MS patient finds success with drug treatment
Injections, chemo keep woman, 39, mostly symptom-free
By CLARE MELLOR Staff Reporter
Mon, Sep 27 - 4:53 AM
Julia Stewart smiles while showing the lack of tremors in her hands during an interview in Bedford on Sept 21. Stewart was diagnosed with multiple sclerosis in 2004 and says that aggressive drug therapy has improved her quality of life.
Julia Stewart had never been nervous in front of a crowd and was bewildered one day when her right hand started to shake uncontrollably as she was giving a presentation.
She was even more taken aback when the shaking didn’t stop.
"I was like, ‘I’m not nervous. I’m not nervous.’ " What is going on?" said the 39-year-old.
"It just progressively kept getting worse. I couldn’t hold anything. I couldn’t write."
Finally, in February 2004, after eight months of frustrating doctor’s visits, an MRI revealed eight or nine lesions on her brain leading to a diagnosis of multiple sclerosis.
The news was a shock to Stewart, who had been healthy all her life and had no family history of the disease.
By that time, Stewart’s symptoms were so severe that she was forced to take a leave from her postgraduate studies and her job at the time as a tour guide.
"(The tremor) moved right into my body, my legs. I couldn’t pull up my pants. I couldn’t really walk that well, "
In multiple sclerosis, the layer of myelin, or white matter, that surrounds and protects the nerves in the brain and spinal cord is damaged over time, leading to neurological problems. The disease can progress slowly or rapidly and with or without long periods of remission.
"It was pretty quick. I was getting to the point that I couldn’t look after myself," recalled Stewart, who lives in Wolfville with Tony, her partner of 12 years.
Following the diagnosis, Stewart went to Dalhousie Multiple Sclerosis Research Unit at the Halifax university, where she enrolled in a clinical drug trial and has received support and treatment.
Stewart has a "relapsing-remitting" form of the disease, where she suffers episodes and then bounces back.
"Sometimes, you don’t bounce back all the way," said Stewart, who looks vibrant and healthy. "I haven’t had that misfortune yet. Every time I’ve had one, I’ve come back."
After the clinical trial, she was placed on an approved injectable drug and was mostly symptom free for a couple of years.
She was able to finish her master’s degree in library and information studies at Dalhousie University.
However, an MRI research study that she participated in at the clinic revealed 11 new lesions on her brain, which spurred doctors to treat the disease aggressively with chemotherapy.
She received a low dose of the chemotherapy drug Mitoxantrone for 2½ years.
"I felt fantastic. I was able to run again. I was able to bike. I was able to snowshoe, do whatever I wanted to do. This was the way I was used to living."
Stewart, a youth services librarian at Halifax Public Libraries, now takes another injectable drug once a day, which she hopes will keep her condition stable. She has been relapse free since October 2008 and is happy to be well.
She said the insight she has gained in dealing with multiple sclerosis is helpful in supporting Tony, who is battling cancer.
"MS has really helped me understand what he is going through. It makes me less judgmental."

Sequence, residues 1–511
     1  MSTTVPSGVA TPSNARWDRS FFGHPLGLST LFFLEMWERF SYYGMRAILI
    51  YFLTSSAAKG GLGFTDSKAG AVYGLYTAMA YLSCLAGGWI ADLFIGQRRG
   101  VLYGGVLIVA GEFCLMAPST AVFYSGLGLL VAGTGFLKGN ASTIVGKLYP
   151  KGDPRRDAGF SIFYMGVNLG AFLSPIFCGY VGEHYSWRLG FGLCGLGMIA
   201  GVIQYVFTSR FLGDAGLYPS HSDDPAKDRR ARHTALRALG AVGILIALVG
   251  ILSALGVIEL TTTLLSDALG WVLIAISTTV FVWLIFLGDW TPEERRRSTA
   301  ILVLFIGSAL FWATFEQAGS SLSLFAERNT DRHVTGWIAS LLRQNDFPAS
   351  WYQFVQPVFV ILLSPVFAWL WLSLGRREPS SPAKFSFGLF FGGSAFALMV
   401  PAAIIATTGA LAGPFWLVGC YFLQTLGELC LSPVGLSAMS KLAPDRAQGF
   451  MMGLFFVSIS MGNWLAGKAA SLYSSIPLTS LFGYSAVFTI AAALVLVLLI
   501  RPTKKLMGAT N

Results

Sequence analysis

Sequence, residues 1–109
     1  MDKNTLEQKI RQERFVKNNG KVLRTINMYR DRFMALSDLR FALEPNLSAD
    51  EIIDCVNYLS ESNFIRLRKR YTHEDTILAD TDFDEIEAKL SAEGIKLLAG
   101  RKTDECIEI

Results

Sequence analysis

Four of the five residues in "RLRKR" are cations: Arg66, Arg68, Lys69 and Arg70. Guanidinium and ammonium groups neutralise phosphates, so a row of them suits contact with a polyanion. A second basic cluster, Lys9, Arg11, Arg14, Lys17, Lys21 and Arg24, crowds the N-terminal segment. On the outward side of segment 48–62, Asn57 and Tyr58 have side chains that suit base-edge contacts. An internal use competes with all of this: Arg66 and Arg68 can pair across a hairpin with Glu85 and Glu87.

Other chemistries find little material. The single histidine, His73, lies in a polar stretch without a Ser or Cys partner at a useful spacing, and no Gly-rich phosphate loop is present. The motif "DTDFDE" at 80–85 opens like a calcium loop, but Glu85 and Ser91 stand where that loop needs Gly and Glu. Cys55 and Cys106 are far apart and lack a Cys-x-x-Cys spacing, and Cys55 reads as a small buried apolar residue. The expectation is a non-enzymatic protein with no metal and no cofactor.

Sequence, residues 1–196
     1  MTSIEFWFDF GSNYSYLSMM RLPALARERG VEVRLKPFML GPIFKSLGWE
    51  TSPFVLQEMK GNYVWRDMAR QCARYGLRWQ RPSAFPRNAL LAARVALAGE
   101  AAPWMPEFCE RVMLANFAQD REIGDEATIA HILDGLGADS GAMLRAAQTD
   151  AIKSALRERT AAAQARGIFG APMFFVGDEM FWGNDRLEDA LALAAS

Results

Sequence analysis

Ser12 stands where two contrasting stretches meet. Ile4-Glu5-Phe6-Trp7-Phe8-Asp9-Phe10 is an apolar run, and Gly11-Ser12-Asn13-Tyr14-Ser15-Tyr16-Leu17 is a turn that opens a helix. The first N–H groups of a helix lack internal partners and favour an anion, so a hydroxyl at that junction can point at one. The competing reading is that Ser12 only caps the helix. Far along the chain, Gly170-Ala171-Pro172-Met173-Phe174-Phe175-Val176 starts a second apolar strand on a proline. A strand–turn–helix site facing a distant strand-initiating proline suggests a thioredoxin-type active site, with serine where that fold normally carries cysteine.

Stewart had an MRI three or fourth months ago and the report "was perfect," she said.
"I don’t have any new lesions."
But Stewart said she believes neuroscience research is the only way to find more effective treatments and an eventual cure for the disease.
"The problem with MS is it is such an unpredictable disease. The way that MS affects the brain is so different for everyone. I don’t think they can tell me anything. I don’t think they can tell me how long I’ll be relapse free."
"Every day that I can feel my feet, and wiggle my toes, and go to work and ride my bike or walk my dog is all good."
The funds raised through the Molly Appeal are essential to research diseases such as MS, Dr. Alan Fine, director of the Neuroscience Institute at Dalhousie University, said in a recent interview.
The money raised this year will go toward paying the stipends of people training in brain research.
It will allow Dalhousie to compete with other institutions across the country and internationally to attract the best people in the field.
"It’s a tough market in the sense that there are not so many young people as needed going into research science right now," he said.
"In some measure, that’s because of financial considerations. These people come out of undergraduate studies with heavy student debts and the last thing they want to do is go deeper in debt. So having some sort of stipend is very important."
Dalhousie has embarked on a number of innovative research projects in neurosciences, Fine said.
For example, researchers use one of the most advanced brain-imaging systems in the world, called magnetoencephalography, or MEG, which allows them to observe electrical activity in the brain as it occurs.
In another project, stem cells from the patient’s own body are used to replace damaged parts of the nervous system.
Unlike procedures that use stem cells from fetal tissue, the stems cells are developed using the patient’s skin cells.
The early use of Mitoxantrone was because her disease was so aggressive. The drug can be very useful, but at a price. With each dose it damages the heart a little bit, so that the length of time it can be used is determined by total dosage (usually 2 to 3 years) or by seeing that heart function is approaching unacceptably low function.
Tremor, especially the violent and total body type are extremely hard to control or treat.
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